“We take alcohol very seriously in our community,” Mayor Walker said.
“Drug Free Alton implements measures as well, such as educating businesses on how to identify (fake) IDs,” Nagel added.
Students such as Rachel Riggins, a junior at Marquette Catholic High School, say positive adult role models are crucial to teaching children and teens the seriousness of underage drinking.
“Sometimes, parents can be irresponsible, so us kids can’t be taught to be responsible if parents provide the alcohol or look away when alcohol is (being used),” she said.
The connection between bullying and drugs
According to the presentation, teens often feel bullying and mental health issues are not addressed and are key reasons why students turn to alcohol and drugs.
Students said they feel teachers sometimes sweep issues under the rug as they are not sure how to deal with incidents related to bullying.
“Just because they are out of school and are older does not necessarily mean that they have figured out how to help students in every single situation,” one student said.
“Bullying has always been on our radar,” Alton High School Superintendent Dr. Kenneth Spells said. “The problem I run into as principal too often is the ‘no snitch’ policy. We’re not told until it becomes a crisis.”
“It doesn’t even have to be the person experiencing the bullying,” Hejna added. “Our job, as people who see things go on, is to get help for people who may not be able to help themselves.”
Chief Simmons asked students how having school uniforms impacts the issue of bullying. Some students responded they feel it can make them a target, while others say everyone wearing the same outfit cuts down on students being critical of what others wear.
The issue of “no tolerance” also was discussed, as some felt its effectiveness is in question.
Nagel said in order for programs such as “no tolerance” to be effective, they have to adapt with shifts in behavior and trends.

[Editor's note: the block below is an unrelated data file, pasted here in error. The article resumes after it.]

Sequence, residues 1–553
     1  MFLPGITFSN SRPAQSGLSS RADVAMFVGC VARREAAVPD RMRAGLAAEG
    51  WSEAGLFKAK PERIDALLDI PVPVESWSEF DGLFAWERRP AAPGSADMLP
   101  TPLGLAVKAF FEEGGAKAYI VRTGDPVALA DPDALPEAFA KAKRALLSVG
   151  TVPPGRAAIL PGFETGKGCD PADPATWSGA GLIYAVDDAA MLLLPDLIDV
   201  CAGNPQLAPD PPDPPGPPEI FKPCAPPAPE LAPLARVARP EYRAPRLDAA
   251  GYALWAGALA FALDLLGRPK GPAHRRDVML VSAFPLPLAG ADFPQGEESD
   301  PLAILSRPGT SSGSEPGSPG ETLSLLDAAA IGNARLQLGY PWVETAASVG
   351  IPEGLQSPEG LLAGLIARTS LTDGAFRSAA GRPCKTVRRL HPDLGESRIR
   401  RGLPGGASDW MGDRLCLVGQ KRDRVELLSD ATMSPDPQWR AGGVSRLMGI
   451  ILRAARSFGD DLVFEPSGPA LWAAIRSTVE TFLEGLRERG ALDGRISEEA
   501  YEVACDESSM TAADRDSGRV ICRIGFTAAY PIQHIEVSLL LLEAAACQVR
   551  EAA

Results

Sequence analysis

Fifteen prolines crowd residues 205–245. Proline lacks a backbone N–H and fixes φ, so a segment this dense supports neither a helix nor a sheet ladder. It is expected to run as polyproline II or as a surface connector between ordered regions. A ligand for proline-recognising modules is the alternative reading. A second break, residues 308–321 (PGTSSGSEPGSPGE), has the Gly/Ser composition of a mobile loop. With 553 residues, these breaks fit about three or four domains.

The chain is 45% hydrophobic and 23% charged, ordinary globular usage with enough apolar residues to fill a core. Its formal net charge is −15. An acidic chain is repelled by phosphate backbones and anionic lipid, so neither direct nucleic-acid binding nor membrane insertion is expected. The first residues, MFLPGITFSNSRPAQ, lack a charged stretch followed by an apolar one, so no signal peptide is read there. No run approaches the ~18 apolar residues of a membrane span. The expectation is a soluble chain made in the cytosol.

“Are there better ways or different policies that can really engage students, provide better skill building for both bullies and those who are bullied?” she asked.
Alternatives to keep youth entertained
To replace negative pastimes, the coalition brought up a number of other avenues for teens, including volunteer work with nonprofit organizations, church-sponsored events and Riverbender.com activities.
Limited options in the area and cost of activities available were discussed. One member of the audience suggested there are enough activities in Alton, but an increase in education, such as one main and organized bulletin board at the schools or announcements over the intercom for specific events, could help spread the word.
One student’s suggestion was for more interaction between students of Alton High School and Marquette, expanding the opportunity for accountability and positive influences.
“Even though you may not be Catholic, we are all different, so you can still come together and make new friends,” she said.
The open forum is the first in a series organized by the Drug Free Alton Coalition. Gelzinnis says it is an uphill battle, but communication and a plan of action are key.
“Peer pressure is tough,” Mayor Walker said. “These are very tough topics and there are no easy answers, but the answers will start right here.”
The Alton Police Department has an anonymous drug tip hot line where students can share information at (618) 465-5948.